The above results show that Diversity & Inclusion is perceived predominantly in the context of gender, followed by race, age and sexual orientation, with religious orientation last. It is likely that these results are strongly linked to the region where the survey was taken, that is, Europe, where race or religion in the majority of the countries might not be as pressing an issue as in other parts of the world. However, subject to the above, there was broad consensus that all of the five topics suggested for classification were considered to fall within Diversity & Inclusion.

Therefore, we have concluded that all five topics should continue to be considered and reviewed within law firms as part of the overall assessment of Diversity & Inclusion. There are of course other potential areas of diversity, such as socio-economic, physical disability and neurodiversity. These other areas of diversity were excluded from the survey, but may well be the subject of later research.[1]

Question 3

Pavla Přikrylová

How would you judge the general level of awareness of and dealing with diversity issues in your law firm?

The above results show that slightly over half of the law firms are aware of diversity issues; however, there is still a significant minority (33 per cent) where that awareness seems to be medium to low. This is borne out by further findings drawn from the survey, that is, the lack of a dedicated person for Diversity & Inclusion issues within a large number of firms, the low level of monitoring of Diversity & Inclusion and the lack of internal policies in a large number of law firms.

Therefore, we can certainly conclude that the awareness of Diversity & Inclusion topics should be worked on and improved as there is still significant work to be done.

Question 4

Ross Simpson
Burges Salmon, London

Richard Spink
Burges Salmon, London

To what degree is your firm aware of the following Diversity & Inclusion topics and has implemented specific actions to pursue them?

Immagine che contiene tavolo

Descrizione generata automaticamente

(Note that the age diversity results still need to be evaluated – they were not summarised in the pdf ‘all data’ summary)

As one would expect in light of the responses to Question 2, respondents are most aware of gender diversity, and it ranked as the topic that receives most focus among firms represented by the respondents. This is positive, and an important follow up to the survey will be to understand the sort of action firms are taking to tackle issues such as gender balance at senior levels.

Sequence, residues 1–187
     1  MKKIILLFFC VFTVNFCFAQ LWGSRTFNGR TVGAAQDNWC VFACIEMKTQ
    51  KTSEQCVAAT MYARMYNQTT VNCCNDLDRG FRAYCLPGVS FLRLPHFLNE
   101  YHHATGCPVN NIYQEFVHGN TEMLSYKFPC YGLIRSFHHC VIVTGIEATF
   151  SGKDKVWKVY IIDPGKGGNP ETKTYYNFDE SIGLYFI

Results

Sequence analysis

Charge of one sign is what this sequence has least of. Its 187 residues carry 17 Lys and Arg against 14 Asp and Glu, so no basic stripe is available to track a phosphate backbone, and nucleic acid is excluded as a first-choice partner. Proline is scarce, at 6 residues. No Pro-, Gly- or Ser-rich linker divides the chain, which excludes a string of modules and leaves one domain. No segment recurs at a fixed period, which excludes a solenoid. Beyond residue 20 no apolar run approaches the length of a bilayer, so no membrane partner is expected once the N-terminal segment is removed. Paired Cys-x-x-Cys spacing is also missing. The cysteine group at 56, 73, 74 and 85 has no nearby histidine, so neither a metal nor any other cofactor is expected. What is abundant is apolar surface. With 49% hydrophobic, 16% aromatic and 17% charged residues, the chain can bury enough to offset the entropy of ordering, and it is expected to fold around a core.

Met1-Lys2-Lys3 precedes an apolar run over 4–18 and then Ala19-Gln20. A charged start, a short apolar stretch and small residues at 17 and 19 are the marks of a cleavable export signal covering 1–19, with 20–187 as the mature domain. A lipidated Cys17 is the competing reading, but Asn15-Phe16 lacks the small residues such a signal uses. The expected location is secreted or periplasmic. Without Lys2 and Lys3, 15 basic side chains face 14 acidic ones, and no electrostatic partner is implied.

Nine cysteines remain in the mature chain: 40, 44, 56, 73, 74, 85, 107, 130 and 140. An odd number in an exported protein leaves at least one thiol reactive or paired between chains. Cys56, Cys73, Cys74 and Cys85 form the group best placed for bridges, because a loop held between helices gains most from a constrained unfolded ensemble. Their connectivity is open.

Race diversity and sexual orientation received broadly comparable average rankings. This points to a growing commitment to these topics and continued progress in relation to them, and encouragement of that, will be important.

Religious orientation scored lowest of the four diversity and inclusion topics. This could reflect a number of factors, including the sensitivities people sometimes feel about raising the subject of religion in secular settings such as the workplace; an increasingly secular workplace; a lack of diversity from a religious perspective in law firms; or an increase, in relative terms, of emphasis on other forms of diversity. However, a person’s religious beliefs or affiliations are an important part of an individual’s identity and something firms need to consider as part of building a truly inclusive environment that is respectful of the faith and beliefs of its people.

Question 5

Ross Simpson and Richard Spink

Do you monitor the level of Diversity & Inclusion on a periodical basis?

The results suggest that a significant minority of law firms do not monitor Diversity & Inclusion on a regular basis. This points to the need to raise awareness of the benefits of monitoring Diversity & Inclusion using clear and appropriate metrics regarding recruitment, retention, pay, progression and representation at different levels.

Tracking representation, and hiring and promotion outcomes, will enable firms to measure progress, identify gaps at particular levels and determine where adjustments may be needed.

As the old adage goes: what gets measured, gets done!

Question 6

Rune Ulriksen Steinsland
Thommessen, Oslo

Do you have a dedicated person/team in charge of these issues?

Immagine che contiene tavolo